Minnesota's largest real estate groups on Wednesday apologized for the industry's role in the racial gap in Twin Cities home ownership and announced policy changes to help more people of color buy homes.

Denise Mazone, a Twin Cities real estate agent and the first Black president of the Minneapolis Area Realtors in its 135-year history, recited an apology approved by the group's board.

"We were on the wrong side of history," Mazone said. "Our apology and efforts to engage in policy change are overdue and are important steps for us because of the deep and lasting impact our actions have had on people of color in Minnesota, especially Black Minnesotans."

Until 1968, racial covenants on the deeds of Minneapolis properties were used to exclude people of certain races from owning houses, leading to a segregated city. And for years, MAR, the industry's main trade group, excluded Black real estate agents from membership.

While those practices were abandoned decades ago, their effects linger in both home ownership rates and broader measures of wealth. Today, the home ownership rate of Black Minnesotans is half the rate of the state's white population.

"The real estate profession was complicit in creating the racial disparities that we see today," said Carrie Chang, chief executive of MAR.

Leaders from the Twin Cities chapters of other Realtor groups attended an event at MAR's office in Edina to discuss the apology and show support.

They included the Asian Real Estate Association of America; National Association of Hispanic Real Estate Professionals; the National Association of Real Estate Brokers, which represents Black Realtors; the St. Paul Association of Realtors; the Minnesota Realtors and the LGBTQ+ Real Estate Alliance.

Jackie Berry, chair of the MAR task force that spearheaded the apology and helped develop the new policies, said that she's seen firsthand a lack of awareness around the racial home ownership gap.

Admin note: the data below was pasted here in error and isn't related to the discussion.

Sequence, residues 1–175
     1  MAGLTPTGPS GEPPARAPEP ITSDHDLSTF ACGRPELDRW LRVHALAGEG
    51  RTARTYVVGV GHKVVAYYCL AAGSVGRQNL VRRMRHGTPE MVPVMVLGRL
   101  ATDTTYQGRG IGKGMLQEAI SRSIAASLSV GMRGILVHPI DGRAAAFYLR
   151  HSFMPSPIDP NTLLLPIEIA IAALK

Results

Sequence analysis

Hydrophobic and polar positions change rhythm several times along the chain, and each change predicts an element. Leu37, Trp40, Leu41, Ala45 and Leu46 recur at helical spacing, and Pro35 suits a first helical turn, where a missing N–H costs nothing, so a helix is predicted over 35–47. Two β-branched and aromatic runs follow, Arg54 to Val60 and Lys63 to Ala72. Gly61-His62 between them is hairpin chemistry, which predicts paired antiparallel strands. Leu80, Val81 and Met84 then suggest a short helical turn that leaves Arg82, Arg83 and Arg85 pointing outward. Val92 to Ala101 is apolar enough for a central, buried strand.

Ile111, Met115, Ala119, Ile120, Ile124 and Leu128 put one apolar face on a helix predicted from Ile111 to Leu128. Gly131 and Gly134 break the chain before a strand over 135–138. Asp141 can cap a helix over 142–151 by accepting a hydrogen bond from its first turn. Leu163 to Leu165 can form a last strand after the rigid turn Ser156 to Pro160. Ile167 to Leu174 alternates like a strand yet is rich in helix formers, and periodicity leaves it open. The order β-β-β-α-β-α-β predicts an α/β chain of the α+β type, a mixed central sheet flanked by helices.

"We clearly have not done enough to rid the real estate industry of the systemic issues that are preventing us from staying true to our commitment to fair housing for all," said Berry, who is also a MAR board director and chair of MAR's Diversity, Equity and Inclusion Committee. "I strongly believe education is a piece of the solution."

The association said it would update its continuing education coursework to train Realtors about a recent change to the state's purchase agreement forms that removes language that might identify certain financial considerations. Such details, MAR says, can be used to discriminate against prospective buyers.

MAR will also educate all Realtors about racism in real estate and their responsibility to reduce the racial home ownership gap. MAR is also expanding funding to the Pathway to Achievement program, which provides scholarships for incoming real estate agents, so that it can help kick-start the careers of more minority agents.

MAR also pledged to recommend that the National Association of Realtors adopt a policy supporting development of a federal down-payment assistance program for first-time and first-generation homebuyers.

Chang said several other local real estate associations have issued apologies for their role in the problem, but she believes MAR is the first to implement policies aimed at correcting the problem.

She said that while the task force hasn't set specific goals for closing the home ownership gap, it has made a commitment to implementing additional policies aimed at encouraging more minority home ownership, which in turn helps drive economic stability and personal wealth.

"Homeownership is the foundation for so many things," Chang said.